We’re not in the business of ordering people around but the evidence is clear. Alcohol consumption should be moderated and if possible, you should think about quitting smoking. No other recreational human activity has been directly linked to death as much as smoking has. It’s very bad for multiple aspects of your health – no two ways about it. This is especially relevant with COVID-19 which primarily destroys the lungs. Your prognosis will be worse if you are a frequent smoker.
Good diet and nutrition are not only critical in maintaining a strong immune system but are also critical in the initial development of the immune system into a heathy one. Diseases that typically, but not always, stem from ‘overnutrition’ like Obesity and Type 2 Diabetes are typified by low-grade inflammation and adverse effects on immune function. Specific malnutrition including a lack of certain key minerals and vitamins can also compromise the immune response (11). Conversely, a diet rich in fatty acids may help support a healthy immune system (12). To hammer home the point of nutrition’s involvement in immune system health, undernourishment during human development can lead to permanent issues with the immune system (13).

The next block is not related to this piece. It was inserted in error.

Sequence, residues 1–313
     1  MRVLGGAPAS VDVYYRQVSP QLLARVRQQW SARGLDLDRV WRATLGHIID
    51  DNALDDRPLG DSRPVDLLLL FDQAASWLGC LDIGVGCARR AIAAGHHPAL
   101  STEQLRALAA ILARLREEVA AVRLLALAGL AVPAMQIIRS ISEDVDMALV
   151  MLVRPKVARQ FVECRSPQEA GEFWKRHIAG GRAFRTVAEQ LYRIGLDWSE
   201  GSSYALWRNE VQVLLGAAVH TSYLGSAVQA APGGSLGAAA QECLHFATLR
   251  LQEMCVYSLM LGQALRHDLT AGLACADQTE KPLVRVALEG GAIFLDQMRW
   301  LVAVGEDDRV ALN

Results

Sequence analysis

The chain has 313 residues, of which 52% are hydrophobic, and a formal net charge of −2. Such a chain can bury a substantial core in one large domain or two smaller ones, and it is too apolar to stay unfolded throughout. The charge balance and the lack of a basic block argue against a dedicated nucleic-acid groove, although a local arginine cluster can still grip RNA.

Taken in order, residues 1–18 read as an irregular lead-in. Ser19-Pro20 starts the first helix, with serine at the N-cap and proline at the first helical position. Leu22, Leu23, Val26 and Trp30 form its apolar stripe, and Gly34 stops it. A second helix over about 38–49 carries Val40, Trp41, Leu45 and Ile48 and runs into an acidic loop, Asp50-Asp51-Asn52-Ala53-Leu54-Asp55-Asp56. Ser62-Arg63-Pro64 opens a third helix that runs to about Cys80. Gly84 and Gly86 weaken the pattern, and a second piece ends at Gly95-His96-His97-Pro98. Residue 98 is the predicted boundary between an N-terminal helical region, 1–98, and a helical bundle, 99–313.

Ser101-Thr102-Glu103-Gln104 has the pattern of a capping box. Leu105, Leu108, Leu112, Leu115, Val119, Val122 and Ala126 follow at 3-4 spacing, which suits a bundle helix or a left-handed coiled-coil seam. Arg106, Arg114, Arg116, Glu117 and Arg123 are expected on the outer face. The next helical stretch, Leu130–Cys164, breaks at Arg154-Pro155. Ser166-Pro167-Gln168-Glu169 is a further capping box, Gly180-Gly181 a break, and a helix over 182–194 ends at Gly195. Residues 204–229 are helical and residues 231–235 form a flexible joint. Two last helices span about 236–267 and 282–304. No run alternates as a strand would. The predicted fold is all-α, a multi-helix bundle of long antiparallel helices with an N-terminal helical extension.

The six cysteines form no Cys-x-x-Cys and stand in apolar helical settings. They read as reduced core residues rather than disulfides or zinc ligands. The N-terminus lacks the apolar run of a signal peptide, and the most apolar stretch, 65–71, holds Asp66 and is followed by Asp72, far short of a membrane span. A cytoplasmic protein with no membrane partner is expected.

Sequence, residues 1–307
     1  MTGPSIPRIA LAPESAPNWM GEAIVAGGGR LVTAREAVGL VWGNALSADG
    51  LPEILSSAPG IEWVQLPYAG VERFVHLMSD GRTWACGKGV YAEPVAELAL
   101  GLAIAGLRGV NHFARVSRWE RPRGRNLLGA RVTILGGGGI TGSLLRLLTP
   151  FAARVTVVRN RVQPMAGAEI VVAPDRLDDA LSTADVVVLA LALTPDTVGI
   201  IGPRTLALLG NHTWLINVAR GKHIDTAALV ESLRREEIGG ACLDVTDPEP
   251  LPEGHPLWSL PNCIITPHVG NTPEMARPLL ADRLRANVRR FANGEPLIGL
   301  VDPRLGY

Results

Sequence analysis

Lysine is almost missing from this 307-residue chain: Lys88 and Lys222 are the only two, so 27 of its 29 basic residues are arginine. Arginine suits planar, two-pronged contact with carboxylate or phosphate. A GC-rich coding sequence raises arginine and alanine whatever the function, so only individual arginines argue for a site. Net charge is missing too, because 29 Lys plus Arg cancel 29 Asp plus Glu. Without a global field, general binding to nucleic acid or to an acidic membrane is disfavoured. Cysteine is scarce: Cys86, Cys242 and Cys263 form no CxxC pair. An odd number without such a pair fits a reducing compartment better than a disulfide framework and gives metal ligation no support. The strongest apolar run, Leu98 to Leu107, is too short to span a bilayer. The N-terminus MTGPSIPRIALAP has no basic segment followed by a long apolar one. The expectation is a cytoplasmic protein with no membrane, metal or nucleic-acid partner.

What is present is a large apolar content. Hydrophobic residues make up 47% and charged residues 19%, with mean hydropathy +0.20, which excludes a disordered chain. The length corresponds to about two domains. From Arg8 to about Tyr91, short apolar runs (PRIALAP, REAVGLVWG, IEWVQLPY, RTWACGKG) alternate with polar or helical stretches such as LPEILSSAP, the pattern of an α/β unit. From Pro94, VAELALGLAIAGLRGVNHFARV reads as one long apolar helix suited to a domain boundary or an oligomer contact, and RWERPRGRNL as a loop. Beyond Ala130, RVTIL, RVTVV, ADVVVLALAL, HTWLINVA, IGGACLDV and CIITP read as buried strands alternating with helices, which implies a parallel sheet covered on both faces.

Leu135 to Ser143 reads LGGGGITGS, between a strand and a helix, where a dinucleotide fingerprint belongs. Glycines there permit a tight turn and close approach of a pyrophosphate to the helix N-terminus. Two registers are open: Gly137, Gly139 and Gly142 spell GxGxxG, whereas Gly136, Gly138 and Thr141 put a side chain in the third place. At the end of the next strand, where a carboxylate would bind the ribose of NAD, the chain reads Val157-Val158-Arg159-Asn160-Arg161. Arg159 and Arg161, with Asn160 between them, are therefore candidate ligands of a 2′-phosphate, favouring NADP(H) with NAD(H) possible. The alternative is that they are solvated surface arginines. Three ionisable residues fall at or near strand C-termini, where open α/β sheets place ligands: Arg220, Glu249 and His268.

A balanced diet, rich in vegetables, proteins and carbohydrates is a good for numerous aspects of health including the immune system. Fatty acids, which can be obtained from numerous foods including nuts and oily fish may be of particular benefit.